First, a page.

Wednesday, February 19, 2020

'The news industry is in trouble': Canadian media outlets

In a plea for long-demanded tax and regulatory changes, a large group of news companies is expressing grave concern about the future of the “vibrant media ecosystem in Canada” and the “health of news and of democracy.”

A letter urging Parliament to act and addressed to Prime Minister Justin Trudeau was signed by an eclectic group of media outlets, including Postmedia, which owns the National Post, Torstar, which publishes the Toronto Star, SaltWire Network, and the CBC among others.

“The news industry in Canada is in trouble,” the letter says. “A strong democracy depends on diverse sources of trusted news.”

Among the changes requested by the group are modifications to Canadian tax rules for digital companies, changes to copyright protection and beefed up competition regulation.

The Section 19 tax rule that allows companies to deduct advertising expenses for ads purchased from global online giants like Facebook and Google has vexed media organizations for years and has even attracted scrutiny from Parliament.

Two years ago, a Senate committee studied the issue and recommended the government revisit the rule, which the committee said “contributed to the media industry’s decline.”

Those rules were written in 1996 for “an analogue economy,” the letter reads. During the recent election campaign, the victorious Liberal Party said it planned to address the issue and proposed a three-per-cent tax on the incomes of large digital companies operating in Canada.

The letter also decries the fact that Facebook and Google suck up about three-quarters of digital ad revenue in Canada partly by linking to journalism produced by traditional outlets.

“At the same time, these players have contributed to a flood of disinformation and fake news which is undermining civil discourse,” the letter reads.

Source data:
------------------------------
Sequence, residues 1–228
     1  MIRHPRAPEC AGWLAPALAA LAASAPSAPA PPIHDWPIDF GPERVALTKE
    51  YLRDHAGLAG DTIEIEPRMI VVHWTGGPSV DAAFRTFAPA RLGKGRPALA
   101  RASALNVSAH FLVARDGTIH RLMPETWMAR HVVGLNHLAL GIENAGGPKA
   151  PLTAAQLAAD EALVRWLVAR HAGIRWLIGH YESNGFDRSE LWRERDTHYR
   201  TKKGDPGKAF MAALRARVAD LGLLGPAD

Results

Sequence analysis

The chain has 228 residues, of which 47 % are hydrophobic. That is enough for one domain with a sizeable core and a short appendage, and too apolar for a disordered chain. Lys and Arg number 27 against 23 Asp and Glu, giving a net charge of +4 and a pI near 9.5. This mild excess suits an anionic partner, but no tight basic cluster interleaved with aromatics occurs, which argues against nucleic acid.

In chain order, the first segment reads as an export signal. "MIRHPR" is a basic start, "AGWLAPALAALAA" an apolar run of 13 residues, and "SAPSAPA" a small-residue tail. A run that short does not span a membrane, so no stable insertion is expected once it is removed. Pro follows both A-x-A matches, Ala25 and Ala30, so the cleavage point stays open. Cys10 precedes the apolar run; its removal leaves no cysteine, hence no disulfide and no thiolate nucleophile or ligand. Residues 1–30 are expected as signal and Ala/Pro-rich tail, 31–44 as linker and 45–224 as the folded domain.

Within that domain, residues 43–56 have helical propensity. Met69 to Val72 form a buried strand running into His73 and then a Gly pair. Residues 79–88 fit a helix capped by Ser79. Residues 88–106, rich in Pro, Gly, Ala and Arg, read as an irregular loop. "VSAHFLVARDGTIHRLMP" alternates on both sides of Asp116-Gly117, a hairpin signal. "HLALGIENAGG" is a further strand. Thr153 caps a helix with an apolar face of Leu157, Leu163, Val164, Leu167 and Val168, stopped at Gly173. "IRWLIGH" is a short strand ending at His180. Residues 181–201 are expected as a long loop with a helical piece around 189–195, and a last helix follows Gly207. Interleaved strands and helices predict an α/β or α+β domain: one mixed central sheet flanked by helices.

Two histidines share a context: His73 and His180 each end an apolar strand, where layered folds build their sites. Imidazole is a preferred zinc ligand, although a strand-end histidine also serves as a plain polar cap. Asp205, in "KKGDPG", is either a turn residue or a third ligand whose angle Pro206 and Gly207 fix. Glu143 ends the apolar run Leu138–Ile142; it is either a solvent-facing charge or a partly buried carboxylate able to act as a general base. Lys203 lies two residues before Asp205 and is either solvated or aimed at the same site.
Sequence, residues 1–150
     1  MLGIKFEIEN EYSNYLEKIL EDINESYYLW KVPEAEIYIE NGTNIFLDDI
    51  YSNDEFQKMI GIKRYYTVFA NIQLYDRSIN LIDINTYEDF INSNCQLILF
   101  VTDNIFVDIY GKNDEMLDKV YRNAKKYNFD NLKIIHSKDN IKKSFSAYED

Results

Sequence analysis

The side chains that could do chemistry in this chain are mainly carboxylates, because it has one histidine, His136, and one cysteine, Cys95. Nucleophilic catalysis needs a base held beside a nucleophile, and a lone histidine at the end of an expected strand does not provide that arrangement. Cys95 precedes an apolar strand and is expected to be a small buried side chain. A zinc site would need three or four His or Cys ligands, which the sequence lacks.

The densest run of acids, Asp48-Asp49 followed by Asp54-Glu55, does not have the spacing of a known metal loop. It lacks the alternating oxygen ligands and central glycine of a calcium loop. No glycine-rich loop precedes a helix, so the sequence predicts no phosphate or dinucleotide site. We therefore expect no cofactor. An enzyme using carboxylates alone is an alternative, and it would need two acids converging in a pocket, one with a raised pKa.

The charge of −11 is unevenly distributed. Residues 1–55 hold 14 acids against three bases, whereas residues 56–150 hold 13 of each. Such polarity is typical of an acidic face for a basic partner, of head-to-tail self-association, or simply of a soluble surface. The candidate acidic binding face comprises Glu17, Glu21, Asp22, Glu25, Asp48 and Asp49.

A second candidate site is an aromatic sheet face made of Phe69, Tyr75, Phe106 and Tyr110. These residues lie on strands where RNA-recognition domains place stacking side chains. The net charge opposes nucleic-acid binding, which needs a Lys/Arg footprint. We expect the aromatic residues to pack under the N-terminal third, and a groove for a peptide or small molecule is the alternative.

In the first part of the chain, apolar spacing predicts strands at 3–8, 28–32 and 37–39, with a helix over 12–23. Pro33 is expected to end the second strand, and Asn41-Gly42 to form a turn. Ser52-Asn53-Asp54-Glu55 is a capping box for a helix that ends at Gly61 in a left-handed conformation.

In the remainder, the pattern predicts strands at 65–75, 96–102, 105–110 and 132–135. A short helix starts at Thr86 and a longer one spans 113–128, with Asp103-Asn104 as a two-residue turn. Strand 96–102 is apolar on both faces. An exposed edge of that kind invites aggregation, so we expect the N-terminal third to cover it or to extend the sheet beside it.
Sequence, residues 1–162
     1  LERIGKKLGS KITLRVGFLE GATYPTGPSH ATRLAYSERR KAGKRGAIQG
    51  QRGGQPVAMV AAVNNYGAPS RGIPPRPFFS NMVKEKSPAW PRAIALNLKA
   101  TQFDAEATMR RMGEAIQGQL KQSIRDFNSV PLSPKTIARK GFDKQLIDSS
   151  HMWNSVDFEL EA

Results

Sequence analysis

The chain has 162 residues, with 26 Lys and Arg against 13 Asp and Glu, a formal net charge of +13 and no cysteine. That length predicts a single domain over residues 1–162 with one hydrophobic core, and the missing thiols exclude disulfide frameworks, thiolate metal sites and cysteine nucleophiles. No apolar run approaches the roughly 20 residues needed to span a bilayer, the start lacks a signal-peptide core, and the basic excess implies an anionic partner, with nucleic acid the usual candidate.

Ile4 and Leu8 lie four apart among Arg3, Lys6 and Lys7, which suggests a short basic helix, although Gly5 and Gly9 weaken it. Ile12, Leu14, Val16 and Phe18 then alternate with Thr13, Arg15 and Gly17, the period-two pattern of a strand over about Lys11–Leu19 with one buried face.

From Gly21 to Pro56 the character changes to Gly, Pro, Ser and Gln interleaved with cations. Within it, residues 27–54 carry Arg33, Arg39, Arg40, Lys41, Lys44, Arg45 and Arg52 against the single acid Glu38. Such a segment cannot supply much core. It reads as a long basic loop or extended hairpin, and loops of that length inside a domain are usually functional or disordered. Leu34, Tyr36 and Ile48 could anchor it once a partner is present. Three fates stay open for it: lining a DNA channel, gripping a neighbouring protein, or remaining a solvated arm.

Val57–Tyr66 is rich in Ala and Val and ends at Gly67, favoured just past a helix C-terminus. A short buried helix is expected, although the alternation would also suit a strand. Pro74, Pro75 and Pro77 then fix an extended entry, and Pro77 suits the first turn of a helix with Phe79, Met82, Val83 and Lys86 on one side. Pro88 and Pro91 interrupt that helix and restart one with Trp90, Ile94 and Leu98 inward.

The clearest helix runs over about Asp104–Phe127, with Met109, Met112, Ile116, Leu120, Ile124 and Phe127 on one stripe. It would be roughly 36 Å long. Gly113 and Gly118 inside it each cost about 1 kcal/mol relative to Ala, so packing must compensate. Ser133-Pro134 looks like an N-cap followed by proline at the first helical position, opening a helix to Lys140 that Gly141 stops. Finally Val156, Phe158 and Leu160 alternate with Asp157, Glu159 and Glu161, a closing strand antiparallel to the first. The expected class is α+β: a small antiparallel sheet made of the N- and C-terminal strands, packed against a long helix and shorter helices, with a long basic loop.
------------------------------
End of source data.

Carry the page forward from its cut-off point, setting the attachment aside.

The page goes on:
The news outlets also argue that it’s “essential” that regulators gain access to the algorithms used by companies like Facebook and Google to determine which content gets displayed on the platform, to help guard against anti-competitive behaviour.

The letter also encourages the government to crack down on large global companies that are “scraping and republishing news content without permission or payment,” which likely could be addressed with amendments to the Copyright Act.

A press release accompanying the letter says that news outlets have been exploring ideas for sharing content and resources as a response to the shrinking newsrooms in almost every form of journalism. For example, in Winnipeg, the CBC and Winnipeg Free Press have been sharing resources on the weekends and sharing stories across their platforms.

The Liberal government earmarked $600 million in last year’s budget to be spent over five years on tax credits and incentives for news outlets that have seen their business models disrupted by the changing digital landscape. The controversial decision was a flashpoint during the recent election and Conservative leadership candidate Erin O’Toole has pledged to cancel the funding if he becomes prime minister.

The program makes some media outlets eligible for refundable tax credits, provides a non-refundable tax credit for subscriptions to Canadian digital news and gives access to charitable tax incentives for not-for-profit journalism.
Please share this.

No comments: